The former Labor Prime Minister, Gough Whitlam, who turns 86 today, has proposed major internal reform for the ALP, including rank-and-file election of national conference delegates.
The man responsible for fundamental internal reform of the ALP in the 1960s and 1970s, a campaign that saw him nearly expelled from the party, says the changes are needed to overcome the “friction of the factions”.
Whitlam, whose three-year term as Prime Minister ended with a vice-regal dismissal on November 11, 1975, calls for the ALP’s National Conference delegates to be voted for on an electorate-by-electorate basis by the party membership. At present, delegates to the National Conference are chosen by the State Conferences along rigid factional and union lines.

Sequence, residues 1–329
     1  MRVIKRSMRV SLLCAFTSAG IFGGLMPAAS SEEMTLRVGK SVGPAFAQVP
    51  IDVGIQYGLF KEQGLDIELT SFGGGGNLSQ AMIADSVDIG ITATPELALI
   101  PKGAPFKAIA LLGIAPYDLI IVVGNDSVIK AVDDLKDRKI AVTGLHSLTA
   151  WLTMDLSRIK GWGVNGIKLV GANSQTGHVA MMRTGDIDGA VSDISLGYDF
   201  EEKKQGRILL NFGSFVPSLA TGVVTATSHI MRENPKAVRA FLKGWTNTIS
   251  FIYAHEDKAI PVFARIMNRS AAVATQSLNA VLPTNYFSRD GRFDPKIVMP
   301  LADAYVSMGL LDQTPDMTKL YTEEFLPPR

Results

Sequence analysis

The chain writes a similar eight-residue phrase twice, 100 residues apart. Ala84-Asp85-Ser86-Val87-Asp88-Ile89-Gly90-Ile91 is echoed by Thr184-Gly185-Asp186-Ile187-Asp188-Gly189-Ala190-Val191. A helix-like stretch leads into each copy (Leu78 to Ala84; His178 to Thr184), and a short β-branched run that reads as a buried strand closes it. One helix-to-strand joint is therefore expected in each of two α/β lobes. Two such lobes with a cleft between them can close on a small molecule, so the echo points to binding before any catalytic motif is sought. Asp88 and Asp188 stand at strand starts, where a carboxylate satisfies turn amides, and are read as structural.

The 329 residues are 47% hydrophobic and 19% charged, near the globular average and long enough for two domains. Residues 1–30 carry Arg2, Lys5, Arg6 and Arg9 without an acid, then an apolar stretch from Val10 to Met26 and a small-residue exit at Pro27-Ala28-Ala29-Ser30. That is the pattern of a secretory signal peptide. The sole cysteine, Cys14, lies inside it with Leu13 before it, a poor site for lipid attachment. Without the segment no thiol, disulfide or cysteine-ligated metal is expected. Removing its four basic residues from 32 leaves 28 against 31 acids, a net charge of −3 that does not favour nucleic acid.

Quoted in the Financial Review, Whitlam delivers a “scathing assessment” of the ALP machines in the various states, pointing to the ALP’s abysmal showing in Queensland (7 of 26 House of Representatives seats in 2001), NSW (20/50) and South Australia (3/12) as evidence that “the predominant factions in those states cannot win federal elections”.